Because of Hong Kong’s wide rich-poor gap, “widening the tax base” by whatever means – which usually would make the low- and middle-income classes pay more – would produce little revenue (after subsidies and exemptions for the poor) and be socially destabilizing. 

In fact, much public revenue is derived from non-tax sources such as land-related revenues and stamp duty from stock transactions.  These are generated by economic production, to which people from all strata of the community contributed. 

Volatility of such revenues should be reduced by counter-cyclical and long-term land supply policies (see relevant parts in our paper on housing).  Parameters might include GDP growth rates and the ratio between the price of a flat and economic output per person.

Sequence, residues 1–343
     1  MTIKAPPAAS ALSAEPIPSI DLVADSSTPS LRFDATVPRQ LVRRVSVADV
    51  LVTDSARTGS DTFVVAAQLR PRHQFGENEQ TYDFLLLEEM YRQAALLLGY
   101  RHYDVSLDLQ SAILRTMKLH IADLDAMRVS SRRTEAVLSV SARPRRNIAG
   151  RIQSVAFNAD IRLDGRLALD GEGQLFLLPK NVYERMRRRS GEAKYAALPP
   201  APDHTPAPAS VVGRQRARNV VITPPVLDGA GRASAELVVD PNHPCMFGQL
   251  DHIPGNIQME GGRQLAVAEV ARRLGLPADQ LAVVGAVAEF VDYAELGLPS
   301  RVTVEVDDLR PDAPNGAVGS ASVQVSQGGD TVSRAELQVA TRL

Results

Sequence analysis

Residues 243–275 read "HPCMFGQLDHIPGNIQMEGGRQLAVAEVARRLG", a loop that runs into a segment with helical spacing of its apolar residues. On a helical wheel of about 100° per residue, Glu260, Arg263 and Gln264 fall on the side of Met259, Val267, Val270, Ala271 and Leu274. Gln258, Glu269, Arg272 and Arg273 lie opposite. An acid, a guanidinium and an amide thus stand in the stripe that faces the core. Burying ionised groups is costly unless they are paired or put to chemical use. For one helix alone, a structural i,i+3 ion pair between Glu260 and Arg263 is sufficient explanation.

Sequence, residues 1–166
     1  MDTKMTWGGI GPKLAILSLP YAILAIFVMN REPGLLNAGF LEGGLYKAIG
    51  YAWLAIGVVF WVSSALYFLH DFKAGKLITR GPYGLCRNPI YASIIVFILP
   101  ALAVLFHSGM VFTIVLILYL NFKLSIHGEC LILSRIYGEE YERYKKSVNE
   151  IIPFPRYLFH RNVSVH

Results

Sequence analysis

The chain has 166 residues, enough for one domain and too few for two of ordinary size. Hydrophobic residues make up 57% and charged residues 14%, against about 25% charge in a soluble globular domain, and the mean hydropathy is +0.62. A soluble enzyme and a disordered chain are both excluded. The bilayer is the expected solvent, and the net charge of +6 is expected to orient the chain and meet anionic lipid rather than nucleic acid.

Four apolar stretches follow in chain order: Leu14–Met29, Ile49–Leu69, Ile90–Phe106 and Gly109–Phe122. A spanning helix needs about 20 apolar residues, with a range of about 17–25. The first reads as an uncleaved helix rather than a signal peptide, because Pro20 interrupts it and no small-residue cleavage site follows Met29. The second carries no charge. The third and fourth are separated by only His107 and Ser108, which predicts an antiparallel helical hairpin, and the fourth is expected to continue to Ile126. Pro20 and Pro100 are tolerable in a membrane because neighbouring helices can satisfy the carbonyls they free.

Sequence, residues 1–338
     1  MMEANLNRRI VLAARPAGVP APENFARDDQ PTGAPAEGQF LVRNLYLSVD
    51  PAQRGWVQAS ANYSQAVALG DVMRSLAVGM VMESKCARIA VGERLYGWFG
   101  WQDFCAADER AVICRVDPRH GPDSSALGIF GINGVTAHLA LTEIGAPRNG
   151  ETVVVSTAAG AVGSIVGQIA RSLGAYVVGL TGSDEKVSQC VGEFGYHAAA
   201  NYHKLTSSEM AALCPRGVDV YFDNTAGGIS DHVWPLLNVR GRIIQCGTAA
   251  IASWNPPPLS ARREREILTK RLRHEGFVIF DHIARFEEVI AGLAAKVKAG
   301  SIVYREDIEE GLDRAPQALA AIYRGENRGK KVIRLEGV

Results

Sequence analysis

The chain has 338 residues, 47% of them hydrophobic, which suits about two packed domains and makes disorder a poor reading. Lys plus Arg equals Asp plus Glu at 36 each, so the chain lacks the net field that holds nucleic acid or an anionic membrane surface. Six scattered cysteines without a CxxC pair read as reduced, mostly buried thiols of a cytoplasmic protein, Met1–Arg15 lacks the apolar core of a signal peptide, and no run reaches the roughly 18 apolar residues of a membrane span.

Also, in “good years” as measured by such yardsticks, provisions should be set aside in the Budget for  “lean years”.  Provisions should also be set aside for long-term policy objectives such as coping with population aging, improving the environment, and enhancing competitiveness.

On the expenditure side, to maximize efficiency, market forces should be given free rein under rationalized mechanisms put in place.  Administrative measures and schemes are bound to result in mismatch between resources and needs, i.e. waste, and even more deleterious policy consequences.  This is most obvious in housing assistance (see our Housing webpage).  Freeing up that sector to the market would produce substantial savings and greatly alleviate future fiscal burden from population aging.

For details, click here for the paper Restructuring housing assistance: benefits for housing, Budget and economy.

Competitiveness [2003] | Elections [2014] | Harbourfront [2008] | Healthcare [2008]
Housing [2011]| Public finance [2008] | Social security [2014]